Please don’t… 10 things to avoid as a homeschool mom

This was brewing in my fingertips like a hot cup of coffee today.

There are so many things we homeschoolers try to figure out. We compare, we read voraciously, we study, we ‘stay ahead’, we worry, we ask, we see, we change, we know… But here’s a list of 10 things you just shouldn’t do!

  1. Don’t compare your kids’ progress to your friends’ kids. Compare your kids’ progress to your own wisdom in who God made them, and their capabilities and trajectory. You know them best. Trust your instincts – they are there for a reason.
  2. Don’t try to be like someone else’s family. Be yourself. Embrace who you are as a family unit. Each child God adds to your family, forever changes your family’s quilt, so to speak. Love your quilt and the thread that holds it together. “Life-ing” any other way violates God’s design for you.
  3. Don’t try to fit your kids into the kids you read about in books. No author holds a perfect mirror up to your family. Every writer, writes from his or her own unique experience. As you read, treat those books as a la carte. Take what you like, eat what you like. Politely discard what you don’t like. Not everything that looks good, tastes good!
  4. Don’t get bogged down by curriculum or process. Focus on progress. Curriculum is wonderful, but it’s also a source of stress. Do the things that work for your child. If your child isn’t progressing with one method, or book, switch. Experiment. Ask your child what he or she likes. Observe. Use your better judgment.
  5. Don’t take the quick or easy way out. There are times removing yourself is right. Ask God for that discernment. But for some things -like reading, like math, like chores at home, like teaching discipline and consequences – you just can’t take the easy way out. Your children are watching you. God is watching you. You are watching you. If it’s a core piece of your task (given by God), do it to the best of your ability. In fact, if it’s a core piece of your task, then shave of other things until you can do this well.
  6. Don’t let your kids escape. It’s easier to do things for our kids, like make their beds, do the dishes, even wipe their tushes… in the short term. Don’t do it. As soon as your kids are able, start training them towards independence and sharing in the work that it takes to maintain your home and their lives. And there’s certainly a time for grace, but in general, please let them face the consequence of their actions. They will thank you for this once they are adults, though they gripe and complain now. If you want me to write about kids and chores, let me know.
  7. Don’t be lazy. Making excuses comes naturally. But please don’t be lazy. Find the resources and energy to stay the course. There’s a difference between laziness and rightfully letting things go that don’t belong. Ask God to know the difference. Your kids see the difference. God sees the difference. Most things we are lazy about don’t take much time. And much of life is determined by our small habits. Make it a habit to do the small things that add up. Bless your husband this way too, by the small diligent efforts you make all day, that add up to the monumental woman you are, and the world-changers you are turning out.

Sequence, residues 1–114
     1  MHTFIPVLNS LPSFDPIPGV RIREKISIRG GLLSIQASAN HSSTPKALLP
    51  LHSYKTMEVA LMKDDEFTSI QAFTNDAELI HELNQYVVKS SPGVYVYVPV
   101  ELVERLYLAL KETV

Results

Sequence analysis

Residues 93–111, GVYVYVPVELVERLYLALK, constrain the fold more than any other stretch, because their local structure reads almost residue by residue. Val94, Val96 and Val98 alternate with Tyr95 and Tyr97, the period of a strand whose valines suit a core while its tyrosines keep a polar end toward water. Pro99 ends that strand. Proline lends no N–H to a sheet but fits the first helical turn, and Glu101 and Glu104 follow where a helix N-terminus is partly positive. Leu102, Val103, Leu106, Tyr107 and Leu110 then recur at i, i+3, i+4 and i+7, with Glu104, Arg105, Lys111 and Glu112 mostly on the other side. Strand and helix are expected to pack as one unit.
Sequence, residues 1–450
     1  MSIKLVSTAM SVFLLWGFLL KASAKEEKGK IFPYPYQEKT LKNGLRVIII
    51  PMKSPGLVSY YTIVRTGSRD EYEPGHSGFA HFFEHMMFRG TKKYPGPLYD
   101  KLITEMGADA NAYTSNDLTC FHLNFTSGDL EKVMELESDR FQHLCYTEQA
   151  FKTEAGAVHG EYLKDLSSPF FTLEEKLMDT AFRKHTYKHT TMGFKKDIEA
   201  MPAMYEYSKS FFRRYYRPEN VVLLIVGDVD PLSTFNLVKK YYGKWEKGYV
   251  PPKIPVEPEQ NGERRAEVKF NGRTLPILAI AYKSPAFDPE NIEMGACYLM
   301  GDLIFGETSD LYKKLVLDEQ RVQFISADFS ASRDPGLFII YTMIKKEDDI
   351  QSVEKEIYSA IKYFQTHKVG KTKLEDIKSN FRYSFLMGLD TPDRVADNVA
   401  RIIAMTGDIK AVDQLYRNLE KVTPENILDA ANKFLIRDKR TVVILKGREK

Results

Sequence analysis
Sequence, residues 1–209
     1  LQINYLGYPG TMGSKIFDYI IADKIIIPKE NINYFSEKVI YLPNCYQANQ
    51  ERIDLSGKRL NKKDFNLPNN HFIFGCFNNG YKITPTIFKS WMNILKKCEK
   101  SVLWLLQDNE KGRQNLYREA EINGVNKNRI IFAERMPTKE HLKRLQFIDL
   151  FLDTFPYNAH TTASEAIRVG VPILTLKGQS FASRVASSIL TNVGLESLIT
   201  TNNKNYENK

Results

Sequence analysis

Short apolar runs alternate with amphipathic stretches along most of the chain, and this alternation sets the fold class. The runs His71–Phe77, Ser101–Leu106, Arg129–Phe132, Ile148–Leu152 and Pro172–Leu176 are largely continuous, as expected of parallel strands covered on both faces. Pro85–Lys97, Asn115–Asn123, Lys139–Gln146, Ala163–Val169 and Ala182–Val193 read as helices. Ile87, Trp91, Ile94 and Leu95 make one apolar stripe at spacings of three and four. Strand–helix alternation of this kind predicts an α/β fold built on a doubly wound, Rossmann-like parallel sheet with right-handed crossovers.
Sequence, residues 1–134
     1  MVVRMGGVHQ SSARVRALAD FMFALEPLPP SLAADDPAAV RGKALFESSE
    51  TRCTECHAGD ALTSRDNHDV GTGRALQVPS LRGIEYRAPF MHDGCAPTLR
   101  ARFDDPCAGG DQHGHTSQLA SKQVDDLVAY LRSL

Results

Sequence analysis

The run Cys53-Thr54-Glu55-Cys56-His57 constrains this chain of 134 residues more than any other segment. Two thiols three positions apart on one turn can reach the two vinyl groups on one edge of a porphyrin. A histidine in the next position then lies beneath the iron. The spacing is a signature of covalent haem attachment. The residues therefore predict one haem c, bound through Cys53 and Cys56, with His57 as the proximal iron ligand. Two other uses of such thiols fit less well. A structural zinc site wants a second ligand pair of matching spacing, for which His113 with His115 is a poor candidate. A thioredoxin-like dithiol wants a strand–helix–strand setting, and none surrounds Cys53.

8. Don’t ignore your season. We all have seasons in life, like when we experience a death, a newborn, a job change, a move… please acknowledge and make room for whatever season God has for you. See it, process it, discuss it with your family, and accommodate it. Then take advantage of the times of ‘rain’ so you can better weather times of ‘drought’. God promises us times of hardship, so while we don’t live in fear, we carefully plan our days, right? This is true for your children too, by the way. Your children have seasons in their maturity and development. Please pay attention.
  9. Don’t do too much. Do less, but do it exceptionally well.  And please train your children to do the same. Teach yourself and your children the discipline of mastery. Don’t stay busy. Get focused. Petition God until He answers you about how to spend your time, and in whom to invest, and in what you should put your money. Take care of your physical self. Feed your family quality food. Good stewardship is not about spreading butter everywhere. Instead of peanut butter slapped on white bread, I’d rather have a tiny flaky and decadent raspberry and chocolate stuffed pastry that someone labored over (though I suppose your tastebuds may differ, but you know what I’m saying, right?).
  10. Don’t do things out of order. This is a statement as much about energy management as it is about honoring God. Put God first in all you do – this includes your day. This includes how you start your day for your children. Remember that you set the tone in your home. How much would you rather have a day of peace, than a day of disarray? How much would you rather do the three mission-critical things today, than the 25 non-urgent and less important things today? When you get “this” backwards, you’re far more likely to leave the mission-critical things to (A) slip through the cracks, (B) become an end-of-day monster that keeps you up past your bedtime, or (C) become something you’ve only done with half-hearted effort. One way you can figure out what’s mission-critical is to ‘start with the end in mind’. This takes you figuring out what the end should be. Ask God. Ask your husband. Ask yourself. Ask your children as they become old enough to give you realistic input. If you want me to write a post about prioritizing, I’d be happy to do that, just say the word.

I hope this has blessed you today, and helped you think about what you can let go of in your life while maintaining or gaining some more peace!

XO, Robyn


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